The first four teams that faced the Coyotes in Tempe — Winnipeg, the New York Rangers, Florida and Dallas — had to use a temporary space set up on the community rink.

Some finishing touches will be added to the lounge and other areas in the weeks ahead (paint, etc.), but the Coyotes equipment staff and other members of the staff worked long hours to get it ready for use on Friday.

Coyotes defenseman Jakob Chychrun has looked like his old self since returning to the lineup nine games ago. (Getty Images)

Chychrun’s worth

You’ve probably heard a lot of GMs complaining about the price that Coyotes GM Bill Armstrong is asking for defenseman Jakob Chychrun. Usually, you hear that complaint through the voices and words of national media members or local broadcast media in the affected cities.

No matter the chatter, Armstrong won’t be budging off an asking price that likely includes two first-round picks and either a second-round pick or a good prospect. The way Chychrun has played since returning to the lineup from offseason wrist surgery, Armstrong is likely to get his price.

Here’s a comparison of his first nine games this season vs. last season, when Chychrun struggled through likely his worst season as a pro.

Year G A Pts. SOG +/- ATOI
2022-23 3 5 8 35 +6 22:18
2021-22 0 0 0 23 -15 25:00

Chychrun’s expected goals for (6.3) after just eight games was a rate that would lead the team if he had played all 24 games — and that’s as a defenseman. His possession stats were the best on the team because he was driving offense and defending far better than he did last season.

We have discussed the ways in which the Coyotes are showcasing Chychrun to help state their case for a trade, but there’s only so much you can do if a player isn’t cooperating.

“Chych’s played well,” Armstrong said. “I’ve got to give him credit. He’s probably been our best player.”

As far as the asking price, consider what Florida gave up at last year’s trade deadline to get Claude Giroux for one playoff run before he signed a three-year, $19.5 million free-agent deal in Ottawa. Philadelphia received forward Owen Tippett, a first-round pick in the 2024 NHL Draft or 2025 NHL Draft, and a third-round pick in the 2023 NHL Draft. Florida also received forward prospects Connor Bunnaman and German Rubtsov, and a fifth-round pick in the 2024 draft.

The Panthers also got defenseman Ben Chiarot from the Montreal Canadiens at last season’s deadline in exchange for prospect Ty Smilanic, Florida’s first-round selection in 2023, and a fourth-round selection in the 2022 NHL Draft. Chiarot signed a four-year, $19 million free-agent deal with Detroit this summer.

The difference with Chychrun is that he is signed for two more seasons after this one at a reasonable cap hit of $4.6 million, although his total salary escalates to $7 million in the final year of the deal.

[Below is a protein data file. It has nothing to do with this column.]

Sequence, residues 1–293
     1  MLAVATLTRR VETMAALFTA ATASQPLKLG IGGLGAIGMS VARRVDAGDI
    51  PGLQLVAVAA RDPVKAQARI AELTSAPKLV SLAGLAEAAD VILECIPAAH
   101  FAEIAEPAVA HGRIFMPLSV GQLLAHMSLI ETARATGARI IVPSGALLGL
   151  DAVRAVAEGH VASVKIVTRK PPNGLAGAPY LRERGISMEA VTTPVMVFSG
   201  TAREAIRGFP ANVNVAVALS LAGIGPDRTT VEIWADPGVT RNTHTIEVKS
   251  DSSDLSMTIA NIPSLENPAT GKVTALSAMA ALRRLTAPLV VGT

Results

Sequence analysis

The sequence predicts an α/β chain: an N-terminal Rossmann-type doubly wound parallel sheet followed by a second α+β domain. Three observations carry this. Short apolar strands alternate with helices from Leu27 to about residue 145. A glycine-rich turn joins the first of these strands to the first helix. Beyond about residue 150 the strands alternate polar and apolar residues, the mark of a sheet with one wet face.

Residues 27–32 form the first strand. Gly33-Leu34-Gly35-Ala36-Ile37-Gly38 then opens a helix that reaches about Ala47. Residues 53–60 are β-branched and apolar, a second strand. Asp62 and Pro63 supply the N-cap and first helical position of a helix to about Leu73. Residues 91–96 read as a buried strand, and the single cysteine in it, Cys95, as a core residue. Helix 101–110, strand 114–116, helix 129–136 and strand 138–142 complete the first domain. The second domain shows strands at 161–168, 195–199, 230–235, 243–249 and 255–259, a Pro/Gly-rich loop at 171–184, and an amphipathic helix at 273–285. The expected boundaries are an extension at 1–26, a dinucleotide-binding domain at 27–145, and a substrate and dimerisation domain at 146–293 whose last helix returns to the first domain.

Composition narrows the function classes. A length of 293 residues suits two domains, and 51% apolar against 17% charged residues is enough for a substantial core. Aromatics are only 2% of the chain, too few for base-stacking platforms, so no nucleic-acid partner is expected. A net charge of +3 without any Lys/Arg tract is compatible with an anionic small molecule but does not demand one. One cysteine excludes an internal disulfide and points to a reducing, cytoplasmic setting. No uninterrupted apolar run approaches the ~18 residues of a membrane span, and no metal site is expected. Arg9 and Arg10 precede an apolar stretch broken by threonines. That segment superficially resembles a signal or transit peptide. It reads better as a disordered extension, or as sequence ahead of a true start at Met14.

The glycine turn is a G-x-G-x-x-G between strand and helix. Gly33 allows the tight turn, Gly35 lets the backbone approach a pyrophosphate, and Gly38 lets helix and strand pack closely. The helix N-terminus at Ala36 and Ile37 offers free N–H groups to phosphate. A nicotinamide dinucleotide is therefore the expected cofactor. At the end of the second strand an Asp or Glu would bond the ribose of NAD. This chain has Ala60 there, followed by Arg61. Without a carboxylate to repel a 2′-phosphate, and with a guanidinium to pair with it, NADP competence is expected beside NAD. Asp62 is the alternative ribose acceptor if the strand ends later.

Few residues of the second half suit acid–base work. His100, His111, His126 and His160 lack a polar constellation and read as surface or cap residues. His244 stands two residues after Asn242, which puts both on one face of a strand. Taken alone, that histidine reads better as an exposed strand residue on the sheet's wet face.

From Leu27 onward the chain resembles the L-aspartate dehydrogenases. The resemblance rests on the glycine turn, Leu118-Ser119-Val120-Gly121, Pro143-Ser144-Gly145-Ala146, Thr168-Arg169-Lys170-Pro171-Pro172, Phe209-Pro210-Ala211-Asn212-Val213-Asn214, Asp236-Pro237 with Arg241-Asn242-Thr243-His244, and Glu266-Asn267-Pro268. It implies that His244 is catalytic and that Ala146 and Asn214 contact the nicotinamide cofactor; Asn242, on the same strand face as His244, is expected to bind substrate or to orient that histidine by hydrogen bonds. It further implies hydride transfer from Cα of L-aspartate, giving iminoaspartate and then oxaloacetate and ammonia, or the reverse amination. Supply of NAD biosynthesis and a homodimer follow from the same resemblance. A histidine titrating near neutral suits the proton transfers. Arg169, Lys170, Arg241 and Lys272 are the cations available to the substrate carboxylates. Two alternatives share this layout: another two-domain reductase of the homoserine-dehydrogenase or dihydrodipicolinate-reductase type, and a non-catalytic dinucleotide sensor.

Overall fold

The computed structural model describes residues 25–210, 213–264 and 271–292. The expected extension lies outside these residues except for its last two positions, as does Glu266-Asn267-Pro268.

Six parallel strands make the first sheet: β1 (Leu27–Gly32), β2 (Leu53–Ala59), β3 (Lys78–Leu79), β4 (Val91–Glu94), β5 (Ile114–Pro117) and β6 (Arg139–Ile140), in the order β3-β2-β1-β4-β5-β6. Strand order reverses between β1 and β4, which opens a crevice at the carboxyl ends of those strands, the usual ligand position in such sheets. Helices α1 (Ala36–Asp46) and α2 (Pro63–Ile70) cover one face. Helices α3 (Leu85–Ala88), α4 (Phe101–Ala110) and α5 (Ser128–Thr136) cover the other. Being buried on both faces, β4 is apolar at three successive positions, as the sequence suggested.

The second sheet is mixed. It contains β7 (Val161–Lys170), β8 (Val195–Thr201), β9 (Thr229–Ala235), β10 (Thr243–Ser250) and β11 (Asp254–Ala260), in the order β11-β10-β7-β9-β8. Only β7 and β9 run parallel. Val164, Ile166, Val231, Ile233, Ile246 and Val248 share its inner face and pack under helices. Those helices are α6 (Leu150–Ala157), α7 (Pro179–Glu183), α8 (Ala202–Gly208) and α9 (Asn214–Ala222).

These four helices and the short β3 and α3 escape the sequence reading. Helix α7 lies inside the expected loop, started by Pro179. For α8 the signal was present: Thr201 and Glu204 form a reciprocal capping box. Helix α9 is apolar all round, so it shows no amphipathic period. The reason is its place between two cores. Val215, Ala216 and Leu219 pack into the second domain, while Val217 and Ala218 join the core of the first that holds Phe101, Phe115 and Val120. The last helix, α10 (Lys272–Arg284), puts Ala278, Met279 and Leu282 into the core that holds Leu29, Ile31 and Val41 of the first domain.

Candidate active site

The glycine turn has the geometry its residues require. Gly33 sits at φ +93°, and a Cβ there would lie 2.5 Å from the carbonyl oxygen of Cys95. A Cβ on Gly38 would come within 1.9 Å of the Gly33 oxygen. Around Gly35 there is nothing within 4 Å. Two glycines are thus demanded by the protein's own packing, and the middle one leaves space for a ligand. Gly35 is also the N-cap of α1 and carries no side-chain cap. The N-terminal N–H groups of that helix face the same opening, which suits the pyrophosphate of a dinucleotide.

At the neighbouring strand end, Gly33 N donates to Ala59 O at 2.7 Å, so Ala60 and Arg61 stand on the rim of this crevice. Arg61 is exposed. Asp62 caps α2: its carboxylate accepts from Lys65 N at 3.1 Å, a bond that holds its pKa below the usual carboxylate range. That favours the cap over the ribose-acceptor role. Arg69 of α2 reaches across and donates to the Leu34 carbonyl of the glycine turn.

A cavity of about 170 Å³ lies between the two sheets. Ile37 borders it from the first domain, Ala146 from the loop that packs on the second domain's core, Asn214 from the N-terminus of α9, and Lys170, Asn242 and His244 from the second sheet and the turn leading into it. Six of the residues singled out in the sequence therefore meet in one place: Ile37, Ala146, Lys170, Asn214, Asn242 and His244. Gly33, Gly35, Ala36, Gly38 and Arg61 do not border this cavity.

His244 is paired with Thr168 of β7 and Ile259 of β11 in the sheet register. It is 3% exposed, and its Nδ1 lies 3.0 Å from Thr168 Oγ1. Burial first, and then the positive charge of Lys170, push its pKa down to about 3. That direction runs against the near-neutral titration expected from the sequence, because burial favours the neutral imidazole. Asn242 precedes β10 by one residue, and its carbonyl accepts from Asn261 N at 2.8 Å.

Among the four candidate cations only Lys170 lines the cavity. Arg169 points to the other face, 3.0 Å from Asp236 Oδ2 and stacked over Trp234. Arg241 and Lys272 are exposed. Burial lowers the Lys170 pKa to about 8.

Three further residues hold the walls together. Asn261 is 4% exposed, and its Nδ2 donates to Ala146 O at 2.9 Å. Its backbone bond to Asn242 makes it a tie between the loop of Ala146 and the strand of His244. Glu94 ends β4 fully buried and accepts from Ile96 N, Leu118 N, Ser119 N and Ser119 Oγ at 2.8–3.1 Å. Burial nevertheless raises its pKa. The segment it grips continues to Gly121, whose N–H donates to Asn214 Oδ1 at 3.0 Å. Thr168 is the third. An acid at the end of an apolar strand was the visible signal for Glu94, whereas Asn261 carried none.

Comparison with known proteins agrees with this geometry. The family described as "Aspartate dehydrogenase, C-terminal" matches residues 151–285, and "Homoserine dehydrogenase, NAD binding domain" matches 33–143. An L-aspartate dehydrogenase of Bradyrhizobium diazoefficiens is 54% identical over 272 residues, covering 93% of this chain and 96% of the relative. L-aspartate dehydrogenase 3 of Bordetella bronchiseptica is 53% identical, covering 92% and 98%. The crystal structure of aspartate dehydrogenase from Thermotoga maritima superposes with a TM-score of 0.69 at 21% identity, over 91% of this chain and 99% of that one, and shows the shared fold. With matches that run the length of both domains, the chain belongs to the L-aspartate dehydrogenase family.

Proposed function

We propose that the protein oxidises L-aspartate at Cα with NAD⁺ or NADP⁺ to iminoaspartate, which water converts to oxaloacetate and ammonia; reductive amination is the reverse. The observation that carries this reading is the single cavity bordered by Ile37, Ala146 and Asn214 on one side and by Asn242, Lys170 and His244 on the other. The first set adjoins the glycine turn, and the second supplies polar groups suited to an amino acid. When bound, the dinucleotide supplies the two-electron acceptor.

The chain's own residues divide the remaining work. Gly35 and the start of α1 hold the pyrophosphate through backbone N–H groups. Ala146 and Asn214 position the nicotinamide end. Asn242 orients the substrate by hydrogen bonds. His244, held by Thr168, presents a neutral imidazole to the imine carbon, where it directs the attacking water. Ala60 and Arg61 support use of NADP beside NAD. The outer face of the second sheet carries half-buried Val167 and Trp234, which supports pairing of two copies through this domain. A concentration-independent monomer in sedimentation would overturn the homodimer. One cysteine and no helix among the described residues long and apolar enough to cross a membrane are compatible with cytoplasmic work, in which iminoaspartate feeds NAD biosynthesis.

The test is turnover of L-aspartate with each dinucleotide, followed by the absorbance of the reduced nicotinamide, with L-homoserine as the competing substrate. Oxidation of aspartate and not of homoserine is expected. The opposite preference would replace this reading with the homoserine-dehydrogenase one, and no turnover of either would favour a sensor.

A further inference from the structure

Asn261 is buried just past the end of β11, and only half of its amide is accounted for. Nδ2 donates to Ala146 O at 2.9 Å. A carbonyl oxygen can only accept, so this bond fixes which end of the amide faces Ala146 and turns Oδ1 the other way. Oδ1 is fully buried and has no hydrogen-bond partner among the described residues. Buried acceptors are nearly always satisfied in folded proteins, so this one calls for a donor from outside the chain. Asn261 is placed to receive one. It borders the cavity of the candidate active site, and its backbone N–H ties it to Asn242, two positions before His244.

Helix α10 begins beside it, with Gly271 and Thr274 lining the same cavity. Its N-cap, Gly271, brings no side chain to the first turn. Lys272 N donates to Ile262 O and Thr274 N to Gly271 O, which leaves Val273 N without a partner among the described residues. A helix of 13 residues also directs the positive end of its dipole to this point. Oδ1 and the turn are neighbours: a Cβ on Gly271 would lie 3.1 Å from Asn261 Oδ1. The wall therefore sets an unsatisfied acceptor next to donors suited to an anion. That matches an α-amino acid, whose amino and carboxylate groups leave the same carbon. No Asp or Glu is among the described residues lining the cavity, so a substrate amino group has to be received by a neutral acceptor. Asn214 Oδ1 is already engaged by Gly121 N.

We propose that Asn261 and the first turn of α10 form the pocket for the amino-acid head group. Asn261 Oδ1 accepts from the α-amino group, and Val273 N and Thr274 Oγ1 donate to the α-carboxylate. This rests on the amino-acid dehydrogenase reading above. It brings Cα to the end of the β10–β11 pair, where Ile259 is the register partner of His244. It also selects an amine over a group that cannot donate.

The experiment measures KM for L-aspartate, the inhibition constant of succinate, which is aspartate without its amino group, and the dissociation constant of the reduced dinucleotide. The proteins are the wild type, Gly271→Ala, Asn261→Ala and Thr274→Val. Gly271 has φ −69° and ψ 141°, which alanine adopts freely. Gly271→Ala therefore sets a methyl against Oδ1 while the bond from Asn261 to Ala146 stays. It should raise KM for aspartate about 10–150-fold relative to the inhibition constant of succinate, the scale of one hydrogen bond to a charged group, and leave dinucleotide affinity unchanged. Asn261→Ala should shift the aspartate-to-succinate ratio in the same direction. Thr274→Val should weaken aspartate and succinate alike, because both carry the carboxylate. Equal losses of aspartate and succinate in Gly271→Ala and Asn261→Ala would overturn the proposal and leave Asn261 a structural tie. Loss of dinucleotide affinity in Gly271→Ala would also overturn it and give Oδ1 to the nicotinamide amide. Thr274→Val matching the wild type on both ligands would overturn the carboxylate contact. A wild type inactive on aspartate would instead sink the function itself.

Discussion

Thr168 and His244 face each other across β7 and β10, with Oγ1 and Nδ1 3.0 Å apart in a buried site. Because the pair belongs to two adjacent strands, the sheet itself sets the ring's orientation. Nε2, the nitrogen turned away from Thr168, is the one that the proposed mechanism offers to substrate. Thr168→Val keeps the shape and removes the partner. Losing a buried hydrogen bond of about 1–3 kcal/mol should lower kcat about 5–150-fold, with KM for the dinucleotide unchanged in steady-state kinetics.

Chychrun is also 24, with plenty of his career ahead of him. Giroux is 34; Chiarot is 31.

With nine games now under his belt, we are getting close to a large enough sample for teams to have a feel for Chychrun’s game.

The other concern that GMs may have about Chychrun is his long list of injuries, which includes both knees, a shoulder, an ankle, and a wrist. At some point, if he stays healthy, GMs are going to start to feel the pressure to make a move.

There are at least five serious teams in the mix for Chychrun and maybe 10 that have shown interest. Among the teams still believed to be in the mix are Ottawa, Toronto, Edmonton, Los Angeles, Boston and Florida, with rumors also involving the New York Rangers and Islanders, and Carolina.

The closer we get to the trade deadline, the more frenzied the bidding war will become, but remember, Armstrong does not have to trade Chychrun. He is under contract for two more seasons. If the deal doesn’t materialize, he can bide his time, and that has been his track record for his entire 27-month tenure as GM.

Coyotes defenseman Patrik Nemeth is among the players who have benefited from coach André Tourigny’s unconventional 11-forward, seven-defensemen lineups. (Getty Images)


André Tourigny has used 11 forwards and seven defensemen 10 times this season, including Friday’s game. It’s an unconventional alignment. Normally, coaches go with 12 forwards and six defensemen to roll four complete lines and three defense pairs.

Why does he do it? Because he loves the alignment.

“I like everything about it,” he said. “When you play at 11-7, that gives you the opportunity to reward guys who deserve it, and to have versatility in the sense that if you want more rugged lines, you can put a rugged player there. If you want more skill, you can put a skilled player there. That allows those 10th and 11th forwards to play with one of those top-end guys.

“On the back end, I like the fact that it spreads out the ice time. I’m a big believer that to defend, you need a lot of energy. When our D play too many minutes they don’t defend the same way and now it compounds in lack of possession and not [having] the same pop offensively. I think when your D are 20 minutes, around that and less, they have energy and they are going at their opponent and they press. Now you become more of an in-your-face type of team.”